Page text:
Sarvangasana (Shoulderstand) Or Salamba Sarvangasana (supported shoulder stand)
Sarva + Anga + Asana
An asana which works on all the parts of the body
Mother of all the asanas
Shoulders, neck, spine, vertebral column & muscles of torso
The body weight is borne by only the shoulders; the neck is free of any strain
Body (apart from neck & head) is more or less perpendicular to the floor
- Lie down on your back
- Your arms, resting by the side of your body
- Exhale slowly, use your abdominal area to press your lower back firmly against the floor. In the process, raise your legs upto at 900; wait for few seconds with normal breathing
- Exhale and again use your abdominal strength as well as hip flexibility to get your legs above your head, almost parallel to the floor as if you are about to do Halasana (your feet are off the floor)
- Support your back with your palms; the palms should be firmly pushed against your back, which is just above the floor; roll your shoulders in and fix your shoulder blades firmly on the floor; wait for few seconds with normal breathing
- This will most probably be the Viprit Karni position where hips would be hanging outside instead of being aligned to the rest of the body and the weight of the body will be supported by the elbows, forearms, and wrists. Ideally, this should be a very comfortable position and you do get a lot of benefits of Sarvangasana by performing this posture alone
- If possible, start sliding your palms downwards towards back of your neck by pushing it firmly against your body; each palm should be moved one step at a time; the aim is to bring the chest to the chin to create chin lock (definitely not chin to the chest). Chin lock should not strain the throat area but should be performed softly. In the process, also try to bring your elbows close to each other
- Once, you have secured your final position in Sarvangasana, roll your shoulders in (close to each other- one at a time) and lock it against the floor; this movement will help shift your body weight on through the shoulders instead of the neck which is a common mistake while performing this asana
- The feet, during the holding of the posture, should be parallel to the floor (pointing the feet up will result in contraction of the legs and hence prevent free drainage of blood from the legs)
- Once in the final posture, use the support of your shoulders on the floor and the strength of your core to further lengthen your spine towards the ceiling, as if, you are stretching each vertebra away from each other, thereby, lubricating the discs in between
Getting out of the postures
- Slightly release your hips
- Slide your palms towards your hips, slide your body down and allow your body to slowly rest to the floor
- This process should be gradual and controlled; in fact, if you have a strong core, you should use your core (without any arm support) to bring your body down to the floor in a controlled manner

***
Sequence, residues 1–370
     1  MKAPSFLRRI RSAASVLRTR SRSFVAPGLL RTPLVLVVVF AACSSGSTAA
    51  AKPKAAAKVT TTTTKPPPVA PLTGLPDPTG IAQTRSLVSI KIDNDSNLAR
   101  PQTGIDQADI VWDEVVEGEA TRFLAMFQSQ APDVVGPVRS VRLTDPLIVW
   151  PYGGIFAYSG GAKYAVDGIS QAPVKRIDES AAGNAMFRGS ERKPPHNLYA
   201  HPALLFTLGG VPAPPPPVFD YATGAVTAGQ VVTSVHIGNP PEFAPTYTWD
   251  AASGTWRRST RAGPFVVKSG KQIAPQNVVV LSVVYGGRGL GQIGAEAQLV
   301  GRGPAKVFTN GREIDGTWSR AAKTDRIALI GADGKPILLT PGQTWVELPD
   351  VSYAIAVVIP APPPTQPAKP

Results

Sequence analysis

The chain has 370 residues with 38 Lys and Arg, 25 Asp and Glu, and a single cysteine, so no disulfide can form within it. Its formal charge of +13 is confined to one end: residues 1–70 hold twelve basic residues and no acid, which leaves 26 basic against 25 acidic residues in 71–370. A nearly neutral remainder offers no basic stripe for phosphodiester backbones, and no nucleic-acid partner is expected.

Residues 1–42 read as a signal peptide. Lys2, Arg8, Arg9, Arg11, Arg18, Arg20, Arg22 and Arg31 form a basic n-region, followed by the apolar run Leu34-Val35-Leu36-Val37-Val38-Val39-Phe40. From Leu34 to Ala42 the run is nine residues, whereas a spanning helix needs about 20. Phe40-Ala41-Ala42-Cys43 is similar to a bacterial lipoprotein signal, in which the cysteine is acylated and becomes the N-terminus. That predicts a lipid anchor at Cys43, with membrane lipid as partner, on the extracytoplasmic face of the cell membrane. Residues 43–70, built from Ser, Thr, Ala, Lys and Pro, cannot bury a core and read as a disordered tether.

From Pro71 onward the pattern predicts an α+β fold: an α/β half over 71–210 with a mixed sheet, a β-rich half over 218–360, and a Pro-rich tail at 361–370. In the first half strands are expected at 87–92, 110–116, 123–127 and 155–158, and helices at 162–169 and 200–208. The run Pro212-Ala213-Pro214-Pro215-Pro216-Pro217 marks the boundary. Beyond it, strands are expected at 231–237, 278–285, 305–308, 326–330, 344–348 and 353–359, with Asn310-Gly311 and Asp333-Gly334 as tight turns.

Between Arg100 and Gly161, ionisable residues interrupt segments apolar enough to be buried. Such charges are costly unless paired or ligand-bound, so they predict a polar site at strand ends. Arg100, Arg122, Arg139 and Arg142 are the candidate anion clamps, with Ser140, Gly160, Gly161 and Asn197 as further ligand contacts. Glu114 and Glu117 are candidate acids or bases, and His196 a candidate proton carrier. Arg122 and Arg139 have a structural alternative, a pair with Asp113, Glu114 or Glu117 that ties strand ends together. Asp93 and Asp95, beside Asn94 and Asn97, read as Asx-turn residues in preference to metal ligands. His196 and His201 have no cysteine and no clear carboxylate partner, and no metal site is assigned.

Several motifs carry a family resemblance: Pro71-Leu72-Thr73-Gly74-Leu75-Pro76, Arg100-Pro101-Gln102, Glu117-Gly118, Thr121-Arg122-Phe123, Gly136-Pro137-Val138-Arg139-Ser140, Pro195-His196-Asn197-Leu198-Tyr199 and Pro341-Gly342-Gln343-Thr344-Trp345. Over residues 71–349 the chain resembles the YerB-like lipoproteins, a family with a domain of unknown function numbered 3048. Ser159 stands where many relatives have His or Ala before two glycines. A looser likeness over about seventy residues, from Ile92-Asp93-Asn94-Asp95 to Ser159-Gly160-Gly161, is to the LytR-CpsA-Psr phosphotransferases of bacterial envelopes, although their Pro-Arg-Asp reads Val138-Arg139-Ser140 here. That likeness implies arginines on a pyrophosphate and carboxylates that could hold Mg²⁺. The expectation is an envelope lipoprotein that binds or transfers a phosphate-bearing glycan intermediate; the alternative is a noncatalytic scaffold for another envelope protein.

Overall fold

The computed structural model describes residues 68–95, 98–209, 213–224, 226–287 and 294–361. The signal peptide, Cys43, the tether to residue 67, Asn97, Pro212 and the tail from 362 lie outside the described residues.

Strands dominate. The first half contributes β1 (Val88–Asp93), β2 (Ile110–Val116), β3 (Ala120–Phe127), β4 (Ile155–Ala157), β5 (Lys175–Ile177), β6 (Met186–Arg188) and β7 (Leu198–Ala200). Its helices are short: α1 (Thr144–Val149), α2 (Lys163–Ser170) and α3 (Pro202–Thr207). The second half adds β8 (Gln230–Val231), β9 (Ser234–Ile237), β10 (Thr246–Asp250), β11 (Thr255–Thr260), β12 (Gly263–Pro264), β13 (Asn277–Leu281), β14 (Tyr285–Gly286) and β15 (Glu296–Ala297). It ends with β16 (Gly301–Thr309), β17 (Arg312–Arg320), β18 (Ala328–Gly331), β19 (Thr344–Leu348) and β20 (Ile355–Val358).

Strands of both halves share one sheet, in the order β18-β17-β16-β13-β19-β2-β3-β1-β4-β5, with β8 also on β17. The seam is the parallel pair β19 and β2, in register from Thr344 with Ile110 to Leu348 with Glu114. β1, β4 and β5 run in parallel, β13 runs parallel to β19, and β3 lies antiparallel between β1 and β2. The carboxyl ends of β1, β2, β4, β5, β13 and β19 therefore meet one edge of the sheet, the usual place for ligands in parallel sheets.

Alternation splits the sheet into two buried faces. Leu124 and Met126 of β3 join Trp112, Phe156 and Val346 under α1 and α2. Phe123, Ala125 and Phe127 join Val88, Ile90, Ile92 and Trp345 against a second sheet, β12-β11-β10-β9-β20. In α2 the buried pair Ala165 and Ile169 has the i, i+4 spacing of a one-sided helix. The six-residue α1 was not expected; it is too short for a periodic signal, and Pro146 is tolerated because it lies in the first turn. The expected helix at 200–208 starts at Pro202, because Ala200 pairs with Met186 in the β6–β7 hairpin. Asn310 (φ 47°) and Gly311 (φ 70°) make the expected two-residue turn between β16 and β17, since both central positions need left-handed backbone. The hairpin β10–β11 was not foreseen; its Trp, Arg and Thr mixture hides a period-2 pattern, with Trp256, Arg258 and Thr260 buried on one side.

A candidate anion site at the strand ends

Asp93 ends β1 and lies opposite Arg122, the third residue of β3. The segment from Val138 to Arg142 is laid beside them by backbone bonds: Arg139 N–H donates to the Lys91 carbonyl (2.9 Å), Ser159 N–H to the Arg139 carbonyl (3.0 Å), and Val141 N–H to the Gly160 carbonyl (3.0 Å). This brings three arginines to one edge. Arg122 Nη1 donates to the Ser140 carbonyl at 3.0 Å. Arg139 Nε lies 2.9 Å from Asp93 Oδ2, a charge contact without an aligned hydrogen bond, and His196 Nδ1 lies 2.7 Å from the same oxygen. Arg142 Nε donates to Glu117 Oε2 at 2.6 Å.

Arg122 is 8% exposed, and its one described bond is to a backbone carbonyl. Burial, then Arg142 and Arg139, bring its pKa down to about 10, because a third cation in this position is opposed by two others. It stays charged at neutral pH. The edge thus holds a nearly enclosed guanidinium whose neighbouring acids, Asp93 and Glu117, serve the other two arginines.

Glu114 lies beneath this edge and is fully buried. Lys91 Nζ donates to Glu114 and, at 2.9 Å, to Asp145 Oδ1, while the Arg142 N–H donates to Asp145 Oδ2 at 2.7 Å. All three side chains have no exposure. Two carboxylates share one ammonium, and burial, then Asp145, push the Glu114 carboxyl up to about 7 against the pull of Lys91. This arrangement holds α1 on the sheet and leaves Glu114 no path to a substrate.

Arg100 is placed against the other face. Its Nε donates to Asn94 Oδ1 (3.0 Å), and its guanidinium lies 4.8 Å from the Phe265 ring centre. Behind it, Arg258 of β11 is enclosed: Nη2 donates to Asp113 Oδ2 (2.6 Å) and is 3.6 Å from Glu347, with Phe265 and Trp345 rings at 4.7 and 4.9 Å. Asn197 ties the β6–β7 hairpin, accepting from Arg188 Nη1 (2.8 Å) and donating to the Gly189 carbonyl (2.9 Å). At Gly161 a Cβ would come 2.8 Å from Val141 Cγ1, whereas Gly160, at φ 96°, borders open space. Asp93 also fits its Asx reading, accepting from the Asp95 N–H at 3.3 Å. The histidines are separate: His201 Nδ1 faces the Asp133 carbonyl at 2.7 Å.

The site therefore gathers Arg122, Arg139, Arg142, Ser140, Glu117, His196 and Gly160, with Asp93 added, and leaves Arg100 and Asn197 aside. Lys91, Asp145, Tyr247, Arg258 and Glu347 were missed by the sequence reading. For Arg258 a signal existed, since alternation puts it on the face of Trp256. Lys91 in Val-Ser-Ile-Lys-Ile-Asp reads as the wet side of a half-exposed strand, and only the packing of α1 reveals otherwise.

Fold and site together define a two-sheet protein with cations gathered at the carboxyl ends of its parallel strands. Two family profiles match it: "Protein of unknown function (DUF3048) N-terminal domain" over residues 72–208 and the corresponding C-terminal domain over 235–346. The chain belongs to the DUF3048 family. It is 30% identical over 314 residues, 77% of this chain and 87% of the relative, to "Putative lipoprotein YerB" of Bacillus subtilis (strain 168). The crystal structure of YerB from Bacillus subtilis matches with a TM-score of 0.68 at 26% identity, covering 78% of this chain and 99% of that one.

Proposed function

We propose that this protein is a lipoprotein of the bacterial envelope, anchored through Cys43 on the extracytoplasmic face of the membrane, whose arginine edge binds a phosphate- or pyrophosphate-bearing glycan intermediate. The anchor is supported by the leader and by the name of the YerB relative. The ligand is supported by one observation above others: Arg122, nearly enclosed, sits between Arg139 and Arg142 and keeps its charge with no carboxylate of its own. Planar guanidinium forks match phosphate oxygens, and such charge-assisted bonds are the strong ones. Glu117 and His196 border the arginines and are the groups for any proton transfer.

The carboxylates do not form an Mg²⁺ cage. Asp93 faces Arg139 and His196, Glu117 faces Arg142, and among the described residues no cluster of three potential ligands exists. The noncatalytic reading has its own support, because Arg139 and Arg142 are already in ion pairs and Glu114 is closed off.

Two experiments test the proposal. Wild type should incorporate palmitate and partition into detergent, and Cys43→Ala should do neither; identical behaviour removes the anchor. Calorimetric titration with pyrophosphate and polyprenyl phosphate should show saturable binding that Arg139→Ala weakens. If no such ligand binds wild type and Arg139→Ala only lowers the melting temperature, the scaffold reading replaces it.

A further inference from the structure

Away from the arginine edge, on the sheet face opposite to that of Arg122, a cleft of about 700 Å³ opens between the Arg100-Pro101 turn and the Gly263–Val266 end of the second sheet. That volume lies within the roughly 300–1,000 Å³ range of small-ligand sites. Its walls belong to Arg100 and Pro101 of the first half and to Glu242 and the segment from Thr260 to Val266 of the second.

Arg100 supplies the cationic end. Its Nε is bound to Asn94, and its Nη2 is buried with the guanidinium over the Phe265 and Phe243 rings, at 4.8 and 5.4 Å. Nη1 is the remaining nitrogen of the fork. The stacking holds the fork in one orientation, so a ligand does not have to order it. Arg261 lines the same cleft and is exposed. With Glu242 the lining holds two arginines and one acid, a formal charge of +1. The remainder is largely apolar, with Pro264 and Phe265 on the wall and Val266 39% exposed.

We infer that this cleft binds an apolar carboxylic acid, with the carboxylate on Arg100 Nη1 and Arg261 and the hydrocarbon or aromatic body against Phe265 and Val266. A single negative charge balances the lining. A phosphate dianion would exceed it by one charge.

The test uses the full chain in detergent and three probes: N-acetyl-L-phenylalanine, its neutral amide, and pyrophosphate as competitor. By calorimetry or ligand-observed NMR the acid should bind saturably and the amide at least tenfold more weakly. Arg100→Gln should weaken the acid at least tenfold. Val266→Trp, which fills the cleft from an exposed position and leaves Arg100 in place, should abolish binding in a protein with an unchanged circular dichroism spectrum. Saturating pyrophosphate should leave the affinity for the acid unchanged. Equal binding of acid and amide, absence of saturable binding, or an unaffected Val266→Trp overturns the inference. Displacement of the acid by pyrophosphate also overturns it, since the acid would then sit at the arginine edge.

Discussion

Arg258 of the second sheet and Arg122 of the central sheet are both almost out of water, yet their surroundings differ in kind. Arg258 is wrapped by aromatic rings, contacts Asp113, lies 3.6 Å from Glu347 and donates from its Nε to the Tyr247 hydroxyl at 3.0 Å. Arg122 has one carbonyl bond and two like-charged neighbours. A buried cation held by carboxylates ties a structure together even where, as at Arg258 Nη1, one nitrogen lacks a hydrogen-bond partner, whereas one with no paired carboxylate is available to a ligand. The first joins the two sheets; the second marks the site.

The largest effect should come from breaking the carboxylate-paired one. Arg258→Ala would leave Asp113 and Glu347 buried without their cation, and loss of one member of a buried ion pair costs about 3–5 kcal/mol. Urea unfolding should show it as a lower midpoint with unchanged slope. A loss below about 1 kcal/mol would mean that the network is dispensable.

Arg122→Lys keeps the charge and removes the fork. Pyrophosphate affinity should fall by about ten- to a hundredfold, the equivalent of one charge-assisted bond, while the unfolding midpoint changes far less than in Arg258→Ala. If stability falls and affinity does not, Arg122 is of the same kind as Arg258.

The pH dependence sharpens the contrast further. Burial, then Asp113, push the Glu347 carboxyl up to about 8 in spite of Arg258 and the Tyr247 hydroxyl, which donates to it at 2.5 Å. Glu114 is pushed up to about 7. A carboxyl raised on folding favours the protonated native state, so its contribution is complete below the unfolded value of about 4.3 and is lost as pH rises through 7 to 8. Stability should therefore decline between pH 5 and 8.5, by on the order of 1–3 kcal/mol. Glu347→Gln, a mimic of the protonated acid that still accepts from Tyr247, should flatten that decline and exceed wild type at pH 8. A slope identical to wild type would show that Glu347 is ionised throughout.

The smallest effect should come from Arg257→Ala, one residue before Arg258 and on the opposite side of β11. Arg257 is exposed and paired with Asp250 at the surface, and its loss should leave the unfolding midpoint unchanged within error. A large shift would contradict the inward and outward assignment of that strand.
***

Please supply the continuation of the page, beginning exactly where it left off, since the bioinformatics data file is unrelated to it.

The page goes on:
Do not move or adjust the position of your head post the initial placement – be it in the process of getting into the posture or in the posture or releasing the posture. Moving it will cause strain your neck muscles.
One has to specifically train the abdominal muscles to allow movement in and out of the posture
Timing & Breathing
Initially attempt holding the posture for 20-30 seconds. Gradually, increase the duration to a minute and then to five minutes, to receive optimum benefits of Sarvangasana. Breathing can be normal or deep but not stressed
Empowering the practice
Using Ujjayi breathing as well as Khechari mudra adds more value to the practice
Practice Immediately After Sarvangasana
It is important to practice Halasana as well as Matsyasana immediately after Sarvangasana to neutralize the effect of blood flow as well as release the tension from neck area, in case, it was caused during the practice.
You can also practice your pranayama and meditation immediately after Sarvangasana
Sedentary life style and emotional stress are believed to be the leading causes of thyroid
The placement of the neck in Sarvangasana helps direct abundant blood flow to nourish the thyroid gland, thereby, improves the efficiency and the functioning of the said gland.
This posture helps circulate blood in opposite direction, thereby, removing lot of sluggishness in terms of blood circulation; slowing down the heart beat; enhancing the abdominal breathing, in turn, calming down the mind and hence the emotional stress. In this way, this asana helps deal with lot of stress related psycho somatic issues.
During the holding of the posture, take your attention to the throat region, inhale and exhale with focus on your throat region. This will vitalize the thyroid gland.
Recommended for Sedentary Lifestyle
Desk bound living, be it, kids at school, office goers or home bound individuals, keep the lower part of the body in almost a locked in position. As a result, the blood circulation to that area becomes sluggish, giving birth to a host of problems. Sarvangasana, when performed even for few minutes in the evening after office hours, can help drain out the blood from the lower extremities and rejuvenate the functioning of these areas.
Stimulates Parathyroid Gland
Parathyroid gland is activated during the practice of Sarvangasana which ensures efficient functioning of all the areas connected such as, normal bone growth and regeneration etc.
Helps abdominal breathing throughout the day
Sarvangasana automatically works on abdominal breathing and encourages it throughout the day, even though one is not making a conscious effort to do so.
Widely recommended for Menopausal and Pre-menopausal balance
It is believed that Sarvangasana because of its inversion position, especially with ‘chin-lock’, stimulates the thyroid and parathyroid glands which secretes hormones that regulates one’s metabolism. Not only that, the inversion position gives a good massage to the reproductive areas thereby eliminating lot of sluggishness and rejuvenating it with oxygenated blood to increase its functionality.
Works on maintaining Hormonal Balance
Sarvangasana being an inversion posture stimulate pituitary and thyroid glands which, in turn help maintain hormonal balance.